Sunday, March 8, 2009

US Airpower Summary, March 8, 2009: A-10s Support Ground Forces

The A-10A Thunderbolt II is an air-to-ground aircraft that provides key close-air-support capabilities to ground forces. On March 7, A-10s eliminated several enemy command positions and took out several enemy snipers during a battle in Afghanistan. (U.S. AIr Force photo.)

Dispatches from the Front:

SOUTHWEST ASIA, March 8, 2009 -- Coalition airpower integrated with coalition ground forces in Iraq and the International Security Assistance Force in Afghanistan during operations March 7, according to Combined Air and Space Operations Center officials here.

In Afghanistan, Air Force A-10 Thunderbolt IIs targeted enemy snipers during a battle between anti-Afghan forces and coalition soldiers in a valley outside Bagram. After marking the snipers' positions with smoke, the A-10s rolled in, using 30mm Avenger cannons to hit each enemy fighting position. After eliminating the sniper threat, the A-10s reengaged and strafed an enemy command position. Following the engagement, the aircraft flew a show of force over a base in order to deter enemy small-arms fire from outside the base perimeter.

In the vicinity of Tarin Kowt, Navy F/A-18E Super Hornets coordinated with coalition and Afghan National Army ground forces during an assault on a cluster of enemy compounds. The Super Hornets hit the target buildings with guided bomb unit-38s and a GBU-12, then executed a show of force to suppress enemy fire as friendly units moved onto their objective.

Near Asadabad, A-10s aided coalition ground forces during a nighttime firefight by providing illumination flares and marking enemy positions with smoke. Due to the close proximity of positions in the engagement, the A-10s withheld weapons strikes but provided aerial overwatch and spotted targets until the fight ended.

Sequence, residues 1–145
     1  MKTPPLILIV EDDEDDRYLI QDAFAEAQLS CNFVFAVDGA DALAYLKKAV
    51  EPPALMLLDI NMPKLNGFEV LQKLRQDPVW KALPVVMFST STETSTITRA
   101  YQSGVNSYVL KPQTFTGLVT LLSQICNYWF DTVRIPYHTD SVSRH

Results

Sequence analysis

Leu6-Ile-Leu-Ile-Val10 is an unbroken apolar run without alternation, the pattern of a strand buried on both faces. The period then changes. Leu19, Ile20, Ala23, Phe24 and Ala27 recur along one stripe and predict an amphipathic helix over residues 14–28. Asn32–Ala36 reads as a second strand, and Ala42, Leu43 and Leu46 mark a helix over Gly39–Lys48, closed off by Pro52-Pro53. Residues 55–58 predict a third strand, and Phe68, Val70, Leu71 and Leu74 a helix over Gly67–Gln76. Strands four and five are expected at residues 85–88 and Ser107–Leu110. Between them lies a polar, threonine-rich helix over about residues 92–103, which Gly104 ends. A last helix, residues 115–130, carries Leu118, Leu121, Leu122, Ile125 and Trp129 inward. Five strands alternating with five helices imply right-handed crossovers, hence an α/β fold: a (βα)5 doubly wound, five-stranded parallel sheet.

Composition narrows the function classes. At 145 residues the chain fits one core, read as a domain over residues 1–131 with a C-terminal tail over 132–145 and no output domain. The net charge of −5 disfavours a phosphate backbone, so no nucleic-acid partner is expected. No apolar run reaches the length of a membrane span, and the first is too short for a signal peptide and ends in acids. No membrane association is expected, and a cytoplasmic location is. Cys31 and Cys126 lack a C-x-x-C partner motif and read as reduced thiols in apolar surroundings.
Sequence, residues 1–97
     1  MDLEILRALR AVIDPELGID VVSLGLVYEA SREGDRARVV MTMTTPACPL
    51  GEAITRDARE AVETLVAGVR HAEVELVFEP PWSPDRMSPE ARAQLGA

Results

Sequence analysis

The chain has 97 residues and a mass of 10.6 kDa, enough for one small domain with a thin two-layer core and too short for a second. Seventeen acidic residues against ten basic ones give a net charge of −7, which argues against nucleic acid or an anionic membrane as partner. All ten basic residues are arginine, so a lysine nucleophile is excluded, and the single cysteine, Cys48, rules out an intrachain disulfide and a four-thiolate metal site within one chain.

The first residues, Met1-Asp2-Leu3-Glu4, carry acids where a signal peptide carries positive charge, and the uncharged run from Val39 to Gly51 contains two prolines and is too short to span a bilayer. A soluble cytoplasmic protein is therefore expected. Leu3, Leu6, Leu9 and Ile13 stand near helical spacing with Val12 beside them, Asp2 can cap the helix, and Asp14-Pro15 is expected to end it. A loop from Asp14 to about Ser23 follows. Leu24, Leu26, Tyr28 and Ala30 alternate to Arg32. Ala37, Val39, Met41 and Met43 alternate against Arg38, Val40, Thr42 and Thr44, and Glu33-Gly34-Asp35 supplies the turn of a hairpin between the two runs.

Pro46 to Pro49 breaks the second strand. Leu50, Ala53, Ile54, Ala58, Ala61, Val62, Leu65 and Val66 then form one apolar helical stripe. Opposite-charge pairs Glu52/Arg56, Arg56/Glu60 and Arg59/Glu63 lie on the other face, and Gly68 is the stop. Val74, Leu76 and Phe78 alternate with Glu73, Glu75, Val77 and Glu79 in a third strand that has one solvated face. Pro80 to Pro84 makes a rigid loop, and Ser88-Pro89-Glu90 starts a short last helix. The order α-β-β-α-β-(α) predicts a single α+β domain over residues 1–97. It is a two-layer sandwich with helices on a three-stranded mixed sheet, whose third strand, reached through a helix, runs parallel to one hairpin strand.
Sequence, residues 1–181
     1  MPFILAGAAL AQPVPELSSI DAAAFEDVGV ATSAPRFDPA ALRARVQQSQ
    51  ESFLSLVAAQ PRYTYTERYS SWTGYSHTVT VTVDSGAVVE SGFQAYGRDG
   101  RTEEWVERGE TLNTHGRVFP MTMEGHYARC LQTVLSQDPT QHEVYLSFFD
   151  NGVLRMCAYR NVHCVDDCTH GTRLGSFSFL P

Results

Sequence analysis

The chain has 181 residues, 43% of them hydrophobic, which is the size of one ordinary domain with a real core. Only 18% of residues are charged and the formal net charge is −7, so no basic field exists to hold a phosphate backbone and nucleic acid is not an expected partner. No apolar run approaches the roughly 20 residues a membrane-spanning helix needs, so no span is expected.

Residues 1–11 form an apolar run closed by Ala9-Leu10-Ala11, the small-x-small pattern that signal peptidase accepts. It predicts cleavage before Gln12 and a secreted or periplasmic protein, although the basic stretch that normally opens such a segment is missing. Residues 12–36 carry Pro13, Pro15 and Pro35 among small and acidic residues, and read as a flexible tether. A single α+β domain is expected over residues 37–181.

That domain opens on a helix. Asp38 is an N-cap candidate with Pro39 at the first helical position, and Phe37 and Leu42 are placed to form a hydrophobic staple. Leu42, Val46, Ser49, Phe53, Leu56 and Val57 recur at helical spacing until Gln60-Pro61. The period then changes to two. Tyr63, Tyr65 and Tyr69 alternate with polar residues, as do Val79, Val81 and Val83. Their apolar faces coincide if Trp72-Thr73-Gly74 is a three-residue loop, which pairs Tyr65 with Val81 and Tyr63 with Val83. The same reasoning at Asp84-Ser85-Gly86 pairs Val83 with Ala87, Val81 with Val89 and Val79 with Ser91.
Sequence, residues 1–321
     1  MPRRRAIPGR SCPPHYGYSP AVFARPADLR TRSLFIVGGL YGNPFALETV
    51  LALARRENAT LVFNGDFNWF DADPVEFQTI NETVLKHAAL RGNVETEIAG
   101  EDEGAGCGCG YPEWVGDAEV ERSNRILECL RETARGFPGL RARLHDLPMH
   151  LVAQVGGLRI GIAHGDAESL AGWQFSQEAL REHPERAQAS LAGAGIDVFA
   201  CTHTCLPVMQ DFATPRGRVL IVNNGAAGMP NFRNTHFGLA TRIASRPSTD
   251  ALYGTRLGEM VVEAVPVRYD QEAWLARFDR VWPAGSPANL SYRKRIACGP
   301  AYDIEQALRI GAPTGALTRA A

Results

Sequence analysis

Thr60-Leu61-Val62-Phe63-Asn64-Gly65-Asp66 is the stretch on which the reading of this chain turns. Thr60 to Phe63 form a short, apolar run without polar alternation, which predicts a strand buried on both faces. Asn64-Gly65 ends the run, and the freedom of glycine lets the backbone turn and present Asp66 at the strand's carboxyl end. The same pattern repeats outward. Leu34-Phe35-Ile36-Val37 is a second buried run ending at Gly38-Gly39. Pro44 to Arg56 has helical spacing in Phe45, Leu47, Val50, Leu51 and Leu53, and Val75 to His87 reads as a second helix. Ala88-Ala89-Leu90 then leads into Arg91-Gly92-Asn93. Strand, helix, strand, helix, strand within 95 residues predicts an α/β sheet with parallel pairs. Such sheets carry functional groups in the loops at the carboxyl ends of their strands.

Multiple Navy F/A-18Fs provided firepower to a battle near Lashkar Gah. Using 20mm auto-cannon strafes and a GBU-38, the aircraft knocked out several hostile fighting positions and an enemy facility.

Navy F/A-18Es dropped GBU-38s to destroy anti-Afghan forces communications towers on a peak near Sangin. The enemy was using the towers to transmit coordinating instructions between their forces in the area.

Air Force, Navy and coalition aircraft executed shows of force to deter enemy activity during coalition and Afghan National Army operations in locations around Afghanistan, including Sheykhabad, Orgun, Tarin Kowt and Ghazni. The maneuvers deterred anti-Afghan forces' attacks and restricted enemy activities, while providing increased security and freedom of action for friendly operations and local residents.

Joint terminal attack controllers assigned to coalition units verified the success of these missions.

In total, 77 close-air-support missions were flown in support of the ISAF and Afghan security forces, reconstruction activities and route patrols.

Eighteen Air Force surveillance and reconnaissance aircraft flew missions as part of operations in Afghanistan. In addition, four Navy and coalition aircraft performed tactical reconnaissance.

In Iraq, coalition aircraft flew 28 close-air-support missions for Operation Iraqi Freedom. These missions integrated and synchronized with coalition ground forces, protected key infrastructure, provided overwatch for reconstruction activities and helped to deter and disrupt hostile activities.

Twenty-one Air Force and Navy surveillance and reconnaissance aircraft flew missions as part of operations in Iraq. In addition, three Air Force and coalition aircraft performed tactical reconnaissance.

Air Force C-130s and C-17s provided intra-theater heavy airlift, helping to sustain operations throughout Afghanistan, Iraq and the Horn of Africa.

Approximately 150 airlift sorties were flown, more than 650 tons of cargo were delivered and nearly 3,600 passengers were transported.

Coalition C-130 crews flew as part of operations in Afghanistan or Iraq.

On March 6, Air Force tanker crews flew 45 sorties and off-loaded approximately 3.1 million pounds of fuel to 247 receiving aircraft.

(Report from a U.S. Air Force news release.)

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